In partnership with government of Rwanda, VISA seeks to expand presence

Joining with the government of Rwanda, VISA will try to increase its business interactionthroughout Rwanda.

Visa Inc., seeking to spread cashless commerce in Africa, will unveil Monday a partnership with the government of Rwanda to expand its business in the country.Under the agreement, a partnership with Rwanda’s central bank and a new office in Kigali will allow Visa to process transactions in Rwandan francs. Visa will also expand its network of ATMs and businesses that accept Visa’s cards in Rwanda. In addition, it will train Rwandan officials in financial management, with an eye toward handling payments between the government and its vendors and employees. The government is helping Visa open its office, and invited it to test new services in the country. The agreement aims to get Visa’s cards into the hands of average Rwandans, many of whom don’t have bank accounts. The pact will also help test appetite in the last largely untapped financial services markets in the world: Africa. “We’re doing it in Rwanda in hope of being able to export whatever works to other African countries,” Elizabeth Buse, Visa’s group president for the Asia-Pacific region, Central Europe, the Middle East and Africa said in an interview. Consumer-product companies are stepping up business in Africa, eager to access a budding middle class. Given the continent’s fast growing population, Africa’s middle class could exceed one billion people by 2060, according to the African Development Bank. Visa has partnerships with major hotels and tour operators across sub-Saharan Africa and offices in Kenya, South Africa, and Nigeria. Visa says most of its business in emerging markets like Rwanda is in debit and prepaid transactions, rather than credit, forgoing the need for a credit check to access its services. Meanwhile, MasterCard Inc. has offices in the same three regional powerhouses. MasterCard also allows customers of Airtel Kenya to make payments over their mobile phones without a physical credit card or a bank account. And last month MasterCard struck a deal with the Togo-based Ecobank Group to offer its cards and payment services at the bank’s branches in more than 30 sub-Saharan African countries. “We see the growth potential in these markets for many years,” said Michael Miebach, MasterCard’s president for the Middle East and Africa. Rwanda lost nearly a million lives in a genocidal conflict in 1994, but it is now among Africa’s most dynamic economies. The landlocked country of 11 million people is set to grow 7% this year, well ahead of the 5% growth projected for sub-Saharan Africa, according to a forecast from the International Monetary Fund. The Rwandan government has worked at cutting red-tape for business and attracting foreign investors. “We’re looking for every possible partnership with the private sector,” said John Gara, head of the Rwanda Development Board, a government agency set up to ease foreign investors’ entry into the country.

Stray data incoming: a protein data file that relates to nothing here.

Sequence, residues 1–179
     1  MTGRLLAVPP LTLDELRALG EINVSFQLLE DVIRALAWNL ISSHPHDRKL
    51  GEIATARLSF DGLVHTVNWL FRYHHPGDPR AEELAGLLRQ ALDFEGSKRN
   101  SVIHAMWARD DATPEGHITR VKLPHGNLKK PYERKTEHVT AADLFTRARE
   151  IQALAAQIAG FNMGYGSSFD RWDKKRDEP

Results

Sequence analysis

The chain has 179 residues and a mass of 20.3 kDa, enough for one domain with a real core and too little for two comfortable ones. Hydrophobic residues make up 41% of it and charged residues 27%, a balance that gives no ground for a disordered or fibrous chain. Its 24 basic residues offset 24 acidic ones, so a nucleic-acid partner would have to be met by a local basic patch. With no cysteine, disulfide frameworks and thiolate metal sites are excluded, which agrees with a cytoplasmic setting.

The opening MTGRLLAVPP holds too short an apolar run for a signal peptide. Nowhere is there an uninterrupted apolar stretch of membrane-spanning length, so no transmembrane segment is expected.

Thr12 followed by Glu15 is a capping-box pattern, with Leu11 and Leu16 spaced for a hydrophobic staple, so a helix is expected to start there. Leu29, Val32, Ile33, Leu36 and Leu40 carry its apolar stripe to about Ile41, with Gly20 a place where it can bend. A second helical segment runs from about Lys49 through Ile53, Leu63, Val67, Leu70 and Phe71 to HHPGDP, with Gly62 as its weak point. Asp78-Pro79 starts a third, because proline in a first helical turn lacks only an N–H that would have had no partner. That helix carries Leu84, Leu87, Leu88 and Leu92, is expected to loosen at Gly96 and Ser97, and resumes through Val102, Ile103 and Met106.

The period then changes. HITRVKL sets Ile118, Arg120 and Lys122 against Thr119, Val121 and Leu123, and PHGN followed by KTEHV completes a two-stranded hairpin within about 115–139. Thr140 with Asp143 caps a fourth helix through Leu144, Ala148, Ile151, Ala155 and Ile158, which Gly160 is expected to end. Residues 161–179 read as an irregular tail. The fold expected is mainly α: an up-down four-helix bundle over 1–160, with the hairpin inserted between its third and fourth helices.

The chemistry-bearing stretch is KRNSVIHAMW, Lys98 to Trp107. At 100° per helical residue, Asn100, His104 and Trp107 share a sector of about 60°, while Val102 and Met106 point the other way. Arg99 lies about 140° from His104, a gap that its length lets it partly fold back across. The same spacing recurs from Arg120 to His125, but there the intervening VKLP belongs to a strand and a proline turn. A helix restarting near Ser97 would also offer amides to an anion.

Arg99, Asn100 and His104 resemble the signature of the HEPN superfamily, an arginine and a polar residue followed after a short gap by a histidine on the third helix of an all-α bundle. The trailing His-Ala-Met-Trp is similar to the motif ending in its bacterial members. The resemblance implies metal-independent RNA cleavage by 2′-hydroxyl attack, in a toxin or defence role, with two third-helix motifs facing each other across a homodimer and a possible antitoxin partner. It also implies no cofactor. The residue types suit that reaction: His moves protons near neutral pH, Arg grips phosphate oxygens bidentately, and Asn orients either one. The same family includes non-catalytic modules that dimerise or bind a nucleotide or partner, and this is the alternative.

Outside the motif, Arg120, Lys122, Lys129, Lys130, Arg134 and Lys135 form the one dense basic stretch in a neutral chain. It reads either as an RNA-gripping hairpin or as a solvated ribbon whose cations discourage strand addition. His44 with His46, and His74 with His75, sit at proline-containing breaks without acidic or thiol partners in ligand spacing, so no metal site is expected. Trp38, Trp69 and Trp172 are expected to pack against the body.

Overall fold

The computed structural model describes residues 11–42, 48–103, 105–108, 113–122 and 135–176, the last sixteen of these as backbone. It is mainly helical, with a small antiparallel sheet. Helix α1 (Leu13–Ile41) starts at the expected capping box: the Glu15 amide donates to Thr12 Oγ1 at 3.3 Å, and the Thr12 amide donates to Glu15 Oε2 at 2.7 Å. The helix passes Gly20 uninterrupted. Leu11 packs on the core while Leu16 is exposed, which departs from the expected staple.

Traveled to Rwanda and from my first hand experience(s), the number of consumers is definitely growing. With such growth of consumers, credit card companies like Visa have clearly noticed this African emerging market.

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